6. What’s your view on the role and function of music as political, cultural, spiritual, and/or social vehicles – and do you try to affront any of these themes in your work, or are you purely interested in music as an expression of technical artistry, personal narrative and entertainment?
Our naturalistic perspective allows us to perceive music as what it is: emotive human organized sound that imitates that by using a beat. We believe in breaking down music in its simpler elements so we can then understand it at a higher level. Music intertwines in all areas as it’s cultural, political, spiritual, etc. What we try to do at heart is tell our own earnest truth and share our stories with our listeners. We as a band have been through so much alone and together and these stories hopefully in the end can provide our listeners with the feeling of connectedness. Creating, we believe, should be to further art in a new way along with relating to people in a way that lets them know they aren’t alone in this crazy world. That’s one of the many beautiful things about art.
7. Do you feel that your music is giving you back just as much fulfillment as the amount of work you are putting into it, or are you expecting something more, or different in the future?
No matter what level you’re at, finding out that people drove over 45 miles to see you, tried to sneak into the venue, or hearing that it motivated them to play guitar – those are the things that make it all worth it so, we’re balanced!
8. Could you describe your creative processes? How do you usually start, and go about shaping ideas into a completed song? Do you usually start with a tune, a beat, or a narrative in your head? And do you collaborate with others in this process?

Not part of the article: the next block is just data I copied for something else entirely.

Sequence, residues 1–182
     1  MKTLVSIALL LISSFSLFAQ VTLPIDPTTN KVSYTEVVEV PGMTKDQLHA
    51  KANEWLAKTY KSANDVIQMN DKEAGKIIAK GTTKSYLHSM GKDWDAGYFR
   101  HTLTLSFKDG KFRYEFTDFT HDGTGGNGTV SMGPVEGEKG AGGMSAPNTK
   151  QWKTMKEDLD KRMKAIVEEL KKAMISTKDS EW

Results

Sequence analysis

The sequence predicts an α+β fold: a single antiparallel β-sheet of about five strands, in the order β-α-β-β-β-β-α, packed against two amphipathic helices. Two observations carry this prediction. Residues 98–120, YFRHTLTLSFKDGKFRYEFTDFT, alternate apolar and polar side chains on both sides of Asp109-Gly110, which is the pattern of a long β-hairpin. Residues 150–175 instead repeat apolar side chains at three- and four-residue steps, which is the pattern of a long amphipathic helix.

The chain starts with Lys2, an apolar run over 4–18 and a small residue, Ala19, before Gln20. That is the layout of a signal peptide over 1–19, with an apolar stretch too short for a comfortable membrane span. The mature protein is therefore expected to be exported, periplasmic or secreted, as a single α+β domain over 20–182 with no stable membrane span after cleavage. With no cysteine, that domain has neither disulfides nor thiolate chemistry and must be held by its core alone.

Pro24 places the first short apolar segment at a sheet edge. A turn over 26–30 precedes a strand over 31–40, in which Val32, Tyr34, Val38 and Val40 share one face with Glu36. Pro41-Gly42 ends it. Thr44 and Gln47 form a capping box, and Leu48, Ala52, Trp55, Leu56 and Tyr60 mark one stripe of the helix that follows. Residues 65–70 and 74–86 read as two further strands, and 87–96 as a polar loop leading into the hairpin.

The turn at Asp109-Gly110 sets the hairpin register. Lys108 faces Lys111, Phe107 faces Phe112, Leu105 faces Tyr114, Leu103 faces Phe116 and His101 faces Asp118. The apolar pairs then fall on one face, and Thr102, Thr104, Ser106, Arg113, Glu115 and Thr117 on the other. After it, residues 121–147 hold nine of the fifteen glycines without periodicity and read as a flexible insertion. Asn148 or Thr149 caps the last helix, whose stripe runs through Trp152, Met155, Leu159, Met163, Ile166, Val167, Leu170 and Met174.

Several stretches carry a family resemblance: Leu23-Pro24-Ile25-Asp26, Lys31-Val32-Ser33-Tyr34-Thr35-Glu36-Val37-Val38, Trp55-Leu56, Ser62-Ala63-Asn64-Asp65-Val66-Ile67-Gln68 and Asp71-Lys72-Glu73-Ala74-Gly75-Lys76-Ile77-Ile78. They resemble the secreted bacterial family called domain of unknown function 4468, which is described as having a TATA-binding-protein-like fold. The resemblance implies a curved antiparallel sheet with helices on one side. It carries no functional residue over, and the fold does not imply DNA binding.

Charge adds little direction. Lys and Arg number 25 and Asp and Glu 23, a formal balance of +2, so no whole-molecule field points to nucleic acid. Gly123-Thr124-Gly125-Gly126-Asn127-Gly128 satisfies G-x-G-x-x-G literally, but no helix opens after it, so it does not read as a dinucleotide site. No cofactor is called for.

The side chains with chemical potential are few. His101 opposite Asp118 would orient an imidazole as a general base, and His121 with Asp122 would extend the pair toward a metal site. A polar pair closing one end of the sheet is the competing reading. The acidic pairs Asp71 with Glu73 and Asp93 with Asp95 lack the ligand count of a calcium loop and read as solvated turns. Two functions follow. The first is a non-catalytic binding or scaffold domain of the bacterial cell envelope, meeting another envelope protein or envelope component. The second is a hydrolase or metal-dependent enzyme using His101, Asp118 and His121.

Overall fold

Our songs usually come from us having a writing session together. Joe usually develops the core riff or sound. We then play it back and try to find the melody. Once we have it we then try to feel out where the song is taking us and where it’s telling us to go. Finally during the lyric writing process, the narrative for us is autobiographical. From that point it’s just building.
9. What has been the most difficult thing you’ve had to endure in your life or music career so far?
HAWKNS: What we’ve realized is good art is often a side effect or direct cause of conflict in life. Our singer Hawk had issues with addiction growing up early on and since then he’s overcome it and been living clean ever since we started our band. Our bass player Ricky was diagnosed with a rare muscle disease called Dermatomyositis ultimately leaving him bedridden for years until his recovery. This made our family really close as we had to take care of Ricky and each other.
As kids us brothers grew up in a very abusive household so trying to have a career in music felt like something that was totally impossible, but once we started to grow as musicians, we knew despite what everyone had told us and all of the trauma and obstacles in our lives, this was something that all of us felt we were called to do.
10. On the contrary, what would you consider a successful, proud or significant point in your life or music career so far?
HAWKNS: Finally being able to play a show at the Toyota Oakdale Dome was a big moment for us. We filmed the video for our single “Head and Heart” while we performed our set there. It was incredible to be able to perform at a place we grew up seeing all of our favorite artists at.